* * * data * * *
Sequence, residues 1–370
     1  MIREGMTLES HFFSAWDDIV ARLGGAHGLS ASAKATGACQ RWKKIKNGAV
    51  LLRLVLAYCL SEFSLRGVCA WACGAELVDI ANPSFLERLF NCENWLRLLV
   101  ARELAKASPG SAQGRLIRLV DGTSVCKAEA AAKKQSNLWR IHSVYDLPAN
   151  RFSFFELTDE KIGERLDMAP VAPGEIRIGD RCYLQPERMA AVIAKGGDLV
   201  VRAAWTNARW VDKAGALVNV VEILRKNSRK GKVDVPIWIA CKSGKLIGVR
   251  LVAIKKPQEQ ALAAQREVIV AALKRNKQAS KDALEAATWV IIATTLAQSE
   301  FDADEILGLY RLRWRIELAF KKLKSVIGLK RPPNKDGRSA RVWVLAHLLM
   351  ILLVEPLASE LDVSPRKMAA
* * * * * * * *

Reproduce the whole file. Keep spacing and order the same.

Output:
Sequence, residues 1–370
     1  MIREGMTLES HFFSAWDDIV ARLGGAHGLS ASAKATGACQ RWKKIKNGAV
    51  LLRLVLAYCL SEFSLRGVCA WACGAELVDI ANPSFLERLF NCENWLRLLV
   101  ARELAKASPG SAQGRLIRLV DGTSVCKAEA AAKKQSNLWR IHSVYDLPAN
   151  RFSFFELTDE KIGERLDMAP VAPGEIRIGD RCYLQPERMA AVIAKGGDLV
   201  VRAAWTNARW VDKAGALVNV VEILRKNSRK GKVDVPIWIA CKSGKLIGVR
   251  LVAIKKPQEQ ALAAQREVIV AALKRNKQAS KDALEAATWV IIATTLAQSE
   301  FDADEILGLY RLRWRIELAF KKLKSVIGLK RPPNKDGRSA RVWVLAHLLM
   351  ILLVEPLASE LDVSPRKMAA